This sounds awesome. Hopefully I’ll be able to attend. There’s a lot of work to be done analysing and contextualising trolling.
I’m working on a paper looking at the rise of trolling in ‘anonymous’ apps such as Yik Yak. It’s been a long time since anonymity has been a key aspect of social interaction online, and it’s interesting to see the rise of trolling on these types of ‘anonymous’ sites. My own paper revolves around the implications of Yik Yak and other such sites for the ‘digital panopticon’, and how this leads to a rise in trolling. Who is being viewed? By whom? has the recently discussed synopticon (or even omniopticon!) become clouded? How are the users adjusting behaviours etc.
The call for papers is below. Hopefully I’ll see you there!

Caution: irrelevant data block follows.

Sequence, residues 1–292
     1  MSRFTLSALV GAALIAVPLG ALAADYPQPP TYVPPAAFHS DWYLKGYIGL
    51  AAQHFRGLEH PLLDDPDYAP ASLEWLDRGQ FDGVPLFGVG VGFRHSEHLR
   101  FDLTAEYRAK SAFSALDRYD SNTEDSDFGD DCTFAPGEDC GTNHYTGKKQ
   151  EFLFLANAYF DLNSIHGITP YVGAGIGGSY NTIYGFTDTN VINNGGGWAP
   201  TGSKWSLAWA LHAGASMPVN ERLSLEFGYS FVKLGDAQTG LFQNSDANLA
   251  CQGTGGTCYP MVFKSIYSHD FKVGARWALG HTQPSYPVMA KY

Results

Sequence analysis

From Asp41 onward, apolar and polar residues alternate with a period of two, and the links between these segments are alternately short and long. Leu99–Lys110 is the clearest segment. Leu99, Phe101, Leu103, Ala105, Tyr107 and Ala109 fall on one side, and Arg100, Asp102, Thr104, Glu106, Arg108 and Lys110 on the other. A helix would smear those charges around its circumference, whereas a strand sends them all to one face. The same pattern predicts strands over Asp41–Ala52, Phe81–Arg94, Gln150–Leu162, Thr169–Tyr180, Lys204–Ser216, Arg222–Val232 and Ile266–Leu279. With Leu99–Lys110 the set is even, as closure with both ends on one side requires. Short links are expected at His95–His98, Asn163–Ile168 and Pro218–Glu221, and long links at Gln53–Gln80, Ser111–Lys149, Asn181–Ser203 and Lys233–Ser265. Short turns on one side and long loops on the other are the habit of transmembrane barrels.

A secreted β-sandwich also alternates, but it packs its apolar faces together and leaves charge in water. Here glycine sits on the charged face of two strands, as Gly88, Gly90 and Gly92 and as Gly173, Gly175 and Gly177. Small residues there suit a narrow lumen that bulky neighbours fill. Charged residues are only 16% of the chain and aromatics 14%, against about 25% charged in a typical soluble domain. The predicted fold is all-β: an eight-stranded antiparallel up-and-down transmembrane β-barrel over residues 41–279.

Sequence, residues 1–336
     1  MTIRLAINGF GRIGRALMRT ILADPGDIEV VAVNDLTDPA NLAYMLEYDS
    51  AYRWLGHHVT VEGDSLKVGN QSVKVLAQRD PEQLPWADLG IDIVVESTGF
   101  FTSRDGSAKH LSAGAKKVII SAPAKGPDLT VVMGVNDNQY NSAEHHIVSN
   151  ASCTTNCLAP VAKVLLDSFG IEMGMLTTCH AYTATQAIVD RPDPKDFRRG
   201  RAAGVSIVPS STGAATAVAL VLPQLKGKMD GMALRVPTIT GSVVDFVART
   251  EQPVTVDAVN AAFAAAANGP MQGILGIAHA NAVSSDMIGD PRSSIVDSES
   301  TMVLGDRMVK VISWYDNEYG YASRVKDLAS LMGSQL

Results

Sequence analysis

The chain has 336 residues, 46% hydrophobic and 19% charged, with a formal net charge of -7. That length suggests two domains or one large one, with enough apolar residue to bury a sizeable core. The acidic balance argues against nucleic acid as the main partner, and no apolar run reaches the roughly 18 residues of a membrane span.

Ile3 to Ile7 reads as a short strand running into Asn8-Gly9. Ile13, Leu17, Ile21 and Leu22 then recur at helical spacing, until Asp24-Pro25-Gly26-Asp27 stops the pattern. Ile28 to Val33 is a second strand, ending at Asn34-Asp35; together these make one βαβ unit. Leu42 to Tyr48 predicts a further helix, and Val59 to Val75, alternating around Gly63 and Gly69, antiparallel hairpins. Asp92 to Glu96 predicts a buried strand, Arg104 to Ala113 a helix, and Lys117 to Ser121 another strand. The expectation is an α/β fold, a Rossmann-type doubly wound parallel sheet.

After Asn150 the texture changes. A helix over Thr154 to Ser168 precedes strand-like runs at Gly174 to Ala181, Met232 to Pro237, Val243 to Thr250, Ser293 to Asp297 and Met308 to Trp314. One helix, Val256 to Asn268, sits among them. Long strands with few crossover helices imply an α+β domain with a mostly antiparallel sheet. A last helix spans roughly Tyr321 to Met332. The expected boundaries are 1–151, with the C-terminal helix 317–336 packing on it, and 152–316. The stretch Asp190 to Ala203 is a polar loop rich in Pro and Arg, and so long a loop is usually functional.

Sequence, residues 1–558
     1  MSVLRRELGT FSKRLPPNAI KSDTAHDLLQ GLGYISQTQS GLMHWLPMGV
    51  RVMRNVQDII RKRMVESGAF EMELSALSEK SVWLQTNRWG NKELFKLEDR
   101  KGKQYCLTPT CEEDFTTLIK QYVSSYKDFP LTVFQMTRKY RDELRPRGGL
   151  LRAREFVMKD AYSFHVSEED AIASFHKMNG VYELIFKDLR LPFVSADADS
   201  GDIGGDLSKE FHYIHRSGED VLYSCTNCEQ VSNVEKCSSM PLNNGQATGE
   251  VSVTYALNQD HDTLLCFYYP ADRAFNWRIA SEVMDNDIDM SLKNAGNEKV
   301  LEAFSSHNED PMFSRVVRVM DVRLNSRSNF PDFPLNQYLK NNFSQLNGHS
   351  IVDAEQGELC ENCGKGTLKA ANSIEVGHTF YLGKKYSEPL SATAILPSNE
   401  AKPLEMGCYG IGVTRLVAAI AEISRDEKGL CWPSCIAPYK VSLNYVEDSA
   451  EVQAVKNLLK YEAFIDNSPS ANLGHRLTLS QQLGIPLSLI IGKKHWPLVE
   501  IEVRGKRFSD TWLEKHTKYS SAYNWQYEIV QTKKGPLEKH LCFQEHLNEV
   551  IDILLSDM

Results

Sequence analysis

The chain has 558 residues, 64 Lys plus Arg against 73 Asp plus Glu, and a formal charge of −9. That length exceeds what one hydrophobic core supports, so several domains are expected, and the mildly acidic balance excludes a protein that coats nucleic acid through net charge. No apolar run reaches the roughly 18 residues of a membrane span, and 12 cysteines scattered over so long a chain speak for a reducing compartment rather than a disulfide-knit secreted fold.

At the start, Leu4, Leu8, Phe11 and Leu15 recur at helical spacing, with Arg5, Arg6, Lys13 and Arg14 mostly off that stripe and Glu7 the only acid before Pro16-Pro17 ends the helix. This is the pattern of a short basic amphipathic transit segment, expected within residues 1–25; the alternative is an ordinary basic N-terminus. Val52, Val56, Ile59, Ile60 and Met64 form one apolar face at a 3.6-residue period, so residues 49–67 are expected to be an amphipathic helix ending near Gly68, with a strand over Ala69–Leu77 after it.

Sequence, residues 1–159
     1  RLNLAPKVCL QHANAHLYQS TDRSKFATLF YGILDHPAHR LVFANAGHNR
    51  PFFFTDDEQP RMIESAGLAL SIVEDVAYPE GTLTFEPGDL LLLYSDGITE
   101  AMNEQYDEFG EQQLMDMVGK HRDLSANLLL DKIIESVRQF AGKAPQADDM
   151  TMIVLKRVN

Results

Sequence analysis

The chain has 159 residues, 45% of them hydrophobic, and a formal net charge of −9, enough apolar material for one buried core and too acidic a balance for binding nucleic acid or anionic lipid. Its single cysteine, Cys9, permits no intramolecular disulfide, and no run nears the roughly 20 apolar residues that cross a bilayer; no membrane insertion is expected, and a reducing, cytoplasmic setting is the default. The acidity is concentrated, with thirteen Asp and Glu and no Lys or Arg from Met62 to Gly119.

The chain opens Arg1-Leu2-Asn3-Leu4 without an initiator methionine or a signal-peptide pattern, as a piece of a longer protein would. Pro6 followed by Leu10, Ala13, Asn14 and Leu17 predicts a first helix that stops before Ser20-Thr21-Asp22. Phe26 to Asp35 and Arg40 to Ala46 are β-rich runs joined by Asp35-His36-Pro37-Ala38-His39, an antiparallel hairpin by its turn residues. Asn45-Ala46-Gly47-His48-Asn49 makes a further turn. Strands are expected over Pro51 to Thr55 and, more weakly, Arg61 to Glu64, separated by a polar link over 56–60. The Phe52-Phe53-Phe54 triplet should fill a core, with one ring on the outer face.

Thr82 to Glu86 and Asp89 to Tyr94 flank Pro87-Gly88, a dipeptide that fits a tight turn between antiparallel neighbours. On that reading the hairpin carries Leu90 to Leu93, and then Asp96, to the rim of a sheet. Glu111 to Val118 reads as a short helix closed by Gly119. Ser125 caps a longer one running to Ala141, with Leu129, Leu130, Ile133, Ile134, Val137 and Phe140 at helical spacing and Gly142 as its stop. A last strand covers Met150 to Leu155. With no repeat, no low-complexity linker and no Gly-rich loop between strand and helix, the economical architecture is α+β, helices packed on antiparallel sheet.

Here’s an analogy that I’ve been playing with for quite a while. I’ve been trying to find the best way to describe Facebook that adequately sums up the experience; something that serves to capture the many varied aspects of the Facebook experience, and I think I’ve finally found the answer – Facebook is a modern Agora.
This may seem slightly odd, but it’s a metaphor that I’ve found useful when thinking about various Social Networking Sites, and I think it’s worth explaining and fleshing out.
A while ago I wrote about how there’s been a breakdown in the public/private dichotomy. This time I want to discuss another dichotomy, the online/offline dichotomy. If anything, this dichotomy is more pervasive than the public/private divide, and potentially more damaging for digital sociology, as it affects the ontological approaches we take to the digital medium.
Today, I give my take the online/offline divide. It’s a much discussed topic; a topic that has, and is, changing, and a topic that it seems there’s much disagreement on. Should we view them as separate realms? Should we contextualize the internet? How much do the two realms influence each other? Are the even two realms, or are there less? Or more?